This Valentine’s Day, if you find yourself channeling your inner Foreigner, wanting to know what love is, I want you to take a moment, pause for dramatic effect and consider this: you must have a radical amount of self-love to find true love.
So, before you go all Debbie Gibson, and get lost in emotion this Valentine’s Day, I want you to consider: have you been looking for love in all the wrong places?
Did you know that you don’t have to like yourself to love yourself? Self-love doesn’t mean you have to like who you are, how you’re acting, or what you’re doing in every single moment. Self-love is the act of being present and attentive with yourself no matter what and being radically honest with how you’re feeling in every breath.
Loving Yourself Versus Liking Yourself
Consider a healthy relationship between a loving mother and her child. If a child is scared and crying, the mother will hold and comfort her. While the mother doesn’t like when her child cries and would prefer that she be happy and smiling, she still loves her child and provides undivided attention and presence.
The aspects of ourselves that we don’t like, are ashamed of, or wish to ignore are like that child crying out for comfort.
Developing this kind of parental loving relationship with our “inner child” takes time and will have ups and downs like everything else.
The Big Five
While self-love is a lifelong practice, Liz DiAlto suggests that we can build a healthy foundation by practicing five principles.
She refers to these as the Big Five:
Build A Healthy Foundation
As a Health Coach, I encourage my clients to take small steps towards positive change. So today, I’d like to challenge you to pick one of the following suggestions to implement this week that will strengthen your Big Five.
• Be good to yourself. It’s not just a fantastic song by Journey – it’s a way of life. Practice being kind to yourself no matter what happens.
• Write yourself a letter of forgiveness. Try writing it as if you are a mother forgiving her child for doing the best they could.
• Change your self-talk. Replace “I’m not doing enough, I don’t have enough, I’m not good enough” with “It is safe for me to be me. It is safe for me to be here. I am enough. I have enough. I do enough.”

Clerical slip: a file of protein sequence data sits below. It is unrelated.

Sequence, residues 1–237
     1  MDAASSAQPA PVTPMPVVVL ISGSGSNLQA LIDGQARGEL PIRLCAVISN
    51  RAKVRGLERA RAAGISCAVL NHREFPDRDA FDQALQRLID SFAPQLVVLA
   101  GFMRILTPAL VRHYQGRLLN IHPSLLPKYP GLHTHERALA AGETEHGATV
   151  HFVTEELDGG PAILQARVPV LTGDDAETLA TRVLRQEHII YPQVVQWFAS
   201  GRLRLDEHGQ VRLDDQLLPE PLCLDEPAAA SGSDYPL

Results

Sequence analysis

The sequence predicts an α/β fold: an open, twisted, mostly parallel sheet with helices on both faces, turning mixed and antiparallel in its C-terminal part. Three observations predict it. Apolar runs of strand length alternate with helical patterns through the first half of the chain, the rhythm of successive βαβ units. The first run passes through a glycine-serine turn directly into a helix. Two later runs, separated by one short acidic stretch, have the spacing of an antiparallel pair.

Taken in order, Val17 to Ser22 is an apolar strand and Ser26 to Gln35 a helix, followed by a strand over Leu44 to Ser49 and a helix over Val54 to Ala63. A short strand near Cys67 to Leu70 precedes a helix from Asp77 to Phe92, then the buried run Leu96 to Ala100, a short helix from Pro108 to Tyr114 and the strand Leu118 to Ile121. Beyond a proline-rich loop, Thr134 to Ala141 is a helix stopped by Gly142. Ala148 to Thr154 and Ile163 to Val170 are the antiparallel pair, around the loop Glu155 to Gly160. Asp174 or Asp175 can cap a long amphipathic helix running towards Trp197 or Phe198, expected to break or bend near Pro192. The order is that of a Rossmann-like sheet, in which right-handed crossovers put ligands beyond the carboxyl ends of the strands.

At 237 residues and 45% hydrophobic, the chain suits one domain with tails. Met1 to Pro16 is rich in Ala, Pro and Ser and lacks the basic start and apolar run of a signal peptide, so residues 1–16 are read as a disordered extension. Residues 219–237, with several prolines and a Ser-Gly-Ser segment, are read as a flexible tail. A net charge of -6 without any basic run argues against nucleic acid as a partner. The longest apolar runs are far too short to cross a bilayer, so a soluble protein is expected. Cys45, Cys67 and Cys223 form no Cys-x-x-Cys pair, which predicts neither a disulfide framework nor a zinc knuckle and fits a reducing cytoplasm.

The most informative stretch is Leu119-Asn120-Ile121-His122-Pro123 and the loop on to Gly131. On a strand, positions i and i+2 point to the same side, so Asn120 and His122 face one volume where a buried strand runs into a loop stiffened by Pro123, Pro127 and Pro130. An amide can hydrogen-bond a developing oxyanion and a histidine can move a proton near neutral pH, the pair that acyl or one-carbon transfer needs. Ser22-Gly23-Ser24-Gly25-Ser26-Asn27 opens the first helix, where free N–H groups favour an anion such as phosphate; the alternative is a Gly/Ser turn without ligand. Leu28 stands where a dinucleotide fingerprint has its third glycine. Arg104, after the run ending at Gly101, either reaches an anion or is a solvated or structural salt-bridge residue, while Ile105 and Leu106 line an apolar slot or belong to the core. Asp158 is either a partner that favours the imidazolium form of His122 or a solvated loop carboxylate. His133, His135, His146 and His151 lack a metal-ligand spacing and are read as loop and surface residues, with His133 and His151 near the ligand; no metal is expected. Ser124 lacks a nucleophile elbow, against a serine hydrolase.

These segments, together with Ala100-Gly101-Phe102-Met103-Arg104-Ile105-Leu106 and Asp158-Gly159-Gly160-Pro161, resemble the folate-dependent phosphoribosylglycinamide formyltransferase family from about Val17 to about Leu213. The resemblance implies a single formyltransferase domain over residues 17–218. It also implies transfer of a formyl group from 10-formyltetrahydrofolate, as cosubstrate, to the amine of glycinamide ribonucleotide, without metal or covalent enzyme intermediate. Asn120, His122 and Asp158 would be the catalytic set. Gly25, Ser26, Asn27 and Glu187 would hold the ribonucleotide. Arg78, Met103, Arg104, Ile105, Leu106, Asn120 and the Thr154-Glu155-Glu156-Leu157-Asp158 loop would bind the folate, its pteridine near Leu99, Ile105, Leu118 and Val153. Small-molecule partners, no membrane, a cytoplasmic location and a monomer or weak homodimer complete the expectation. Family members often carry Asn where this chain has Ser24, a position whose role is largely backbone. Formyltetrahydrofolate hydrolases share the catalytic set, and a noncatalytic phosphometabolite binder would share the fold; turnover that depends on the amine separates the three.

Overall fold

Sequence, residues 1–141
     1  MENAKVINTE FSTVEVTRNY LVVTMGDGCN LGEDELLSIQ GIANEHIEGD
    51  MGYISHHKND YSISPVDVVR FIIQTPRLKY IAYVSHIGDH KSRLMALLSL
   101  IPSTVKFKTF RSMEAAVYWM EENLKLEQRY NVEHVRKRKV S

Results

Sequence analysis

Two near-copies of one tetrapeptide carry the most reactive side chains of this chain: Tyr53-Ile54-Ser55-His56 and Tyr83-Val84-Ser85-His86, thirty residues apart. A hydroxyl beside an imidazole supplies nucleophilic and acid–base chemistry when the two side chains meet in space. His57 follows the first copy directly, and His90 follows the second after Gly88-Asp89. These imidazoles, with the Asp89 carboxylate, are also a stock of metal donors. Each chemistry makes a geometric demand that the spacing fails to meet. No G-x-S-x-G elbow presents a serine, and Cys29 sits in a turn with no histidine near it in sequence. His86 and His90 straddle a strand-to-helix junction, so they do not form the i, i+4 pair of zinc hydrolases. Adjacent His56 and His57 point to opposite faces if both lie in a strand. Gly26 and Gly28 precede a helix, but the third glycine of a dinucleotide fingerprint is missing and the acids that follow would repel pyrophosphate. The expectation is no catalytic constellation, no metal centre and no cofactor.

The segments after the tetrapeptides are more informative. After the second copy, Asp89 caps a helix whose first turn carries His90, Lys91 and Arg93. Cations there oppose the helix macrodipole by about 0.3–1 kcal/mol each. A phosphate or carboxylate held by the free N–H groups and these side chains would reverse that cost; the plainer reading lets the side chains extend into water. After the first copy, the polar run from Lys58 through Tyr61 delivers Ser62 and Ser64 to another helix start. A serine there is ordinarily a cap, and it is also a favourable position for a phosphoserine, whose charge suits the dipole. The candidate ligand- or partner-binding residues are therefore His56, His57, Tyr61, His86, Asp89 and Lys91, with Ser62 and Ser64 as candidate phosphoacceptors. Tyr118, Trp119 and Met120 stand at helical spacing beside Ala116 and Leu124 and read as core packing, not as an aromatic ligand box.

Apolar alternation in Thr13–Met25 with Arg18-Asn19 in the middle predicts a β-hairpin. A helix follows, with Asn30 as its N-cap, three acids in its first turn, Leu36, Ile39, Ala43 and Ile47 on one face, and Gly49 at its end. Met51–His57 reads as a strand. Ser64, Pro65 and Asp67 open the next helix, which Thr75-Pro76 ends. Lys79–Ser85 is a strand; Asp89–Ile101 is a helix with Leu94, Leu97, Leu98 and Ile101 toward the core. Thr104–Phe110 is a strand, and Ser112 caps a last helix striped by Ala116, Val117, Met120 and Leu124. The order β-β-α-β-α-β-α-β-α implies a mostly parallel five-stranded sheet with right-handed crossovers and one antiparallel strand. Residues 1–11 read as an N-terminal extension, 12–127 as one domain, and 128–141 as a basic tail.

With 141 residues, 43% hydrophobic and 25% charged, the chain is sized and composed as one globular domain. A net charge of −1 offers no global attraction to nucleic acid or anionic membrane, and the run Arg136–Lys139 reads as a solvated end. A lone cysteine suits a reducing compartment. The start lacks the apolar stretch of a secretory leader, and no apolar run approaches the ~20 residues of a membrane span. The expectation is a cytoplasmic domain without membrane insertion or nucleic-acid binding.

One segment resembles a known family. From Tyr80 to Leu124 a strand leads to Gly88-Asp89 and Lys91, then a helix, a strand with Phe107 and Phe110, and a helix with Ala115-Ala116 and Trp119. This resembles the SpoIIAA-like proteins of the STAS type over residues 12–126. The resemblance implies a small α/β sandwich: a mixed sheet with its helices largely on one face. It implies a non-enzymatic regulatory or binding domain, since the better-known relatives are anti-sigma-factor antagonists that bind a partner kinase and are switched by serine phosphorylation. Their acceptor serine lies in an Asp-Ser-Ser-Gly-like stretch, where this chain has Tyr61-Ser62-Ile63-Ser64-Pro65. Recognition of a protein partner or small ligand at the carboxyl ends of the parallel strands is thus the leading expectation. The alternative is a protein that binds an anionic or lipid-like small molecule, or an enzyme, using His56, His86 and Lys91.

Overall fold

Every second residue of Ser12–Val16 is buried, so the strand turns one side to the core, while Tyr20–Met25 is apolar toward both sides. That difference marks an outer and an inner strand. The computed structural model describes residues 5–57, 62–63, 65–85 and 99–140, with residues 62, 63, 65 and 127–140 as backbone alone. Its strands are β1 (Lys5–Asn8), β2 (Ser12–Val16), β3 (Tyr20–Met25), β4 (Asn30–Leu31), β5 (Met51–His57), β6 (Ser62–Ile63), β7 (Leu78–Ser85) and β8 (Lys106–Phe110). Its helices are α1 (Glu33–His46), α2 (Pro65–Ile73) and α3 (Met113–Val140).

• Practice setting healthy personal boundaries. Say yes when you mean yes and no when you mean no. (Note: If it’s not a yes! then it’s a no.)
• Reflect on your self-respect. Answer the following questions in a journal: “Where am I putting myself last?” and “What am I tolerating that I don’t want to be?”
• Prioritize you. Give yourself more time than you usually do for just you. Allocate your time in ways that you can prioritize acts of self-love.
• Implement the power of “the pause.” Notice things you don’t love about yourself with curiosity. Pause in those moments and ask, “What’s going on here?”
• Experiment with meditation. Turn your skill of observing others inward and follow your inner world by sitting still with your eyes closed.
• Practice deep breathing. Try the 6-3 breathing technique. (Breathe in for six counts, hold for three counts, exhale for six counts, and pause for three counts; repeat).
• Explore who you are. Go beyond what other people have told you you’re supposed to be by answering the following questions in a journal: “Who am I?” and “What’s my truth?”
• Recognize that who you are at any moment can change. Give yourself more permission than usual to be someone different today than you were yesterday.
• Clarify your core values. Get to know yourself better by considering what your top five values are.
(For example, being of service to loved ones, expressing yourself creatively, connecting with your community, being healthy, and having financial stability.)
• Allow others to have their own experience. Experiment with releasing the need to control the behaviors of those you interact with.
• Put yourself out there. Trust that you are safe to express yourself in a bolder way than usual, even if others don’t approve 100%.
• Listen to your physical body. Trust that your body is always sending important signals. Try naming how you feel right now aloud.
Remember, you don’t have to like yourself to love yourself. Build a baseline of self-love by experimenting with as many of these ideas as you’d like. As you build your practice, treat yourself as you’d treat a child (or a client!) – with respect, honesty, and undivided attention. The art of self-love is a lifelong practice, so give yourself grace and take it one day at a time.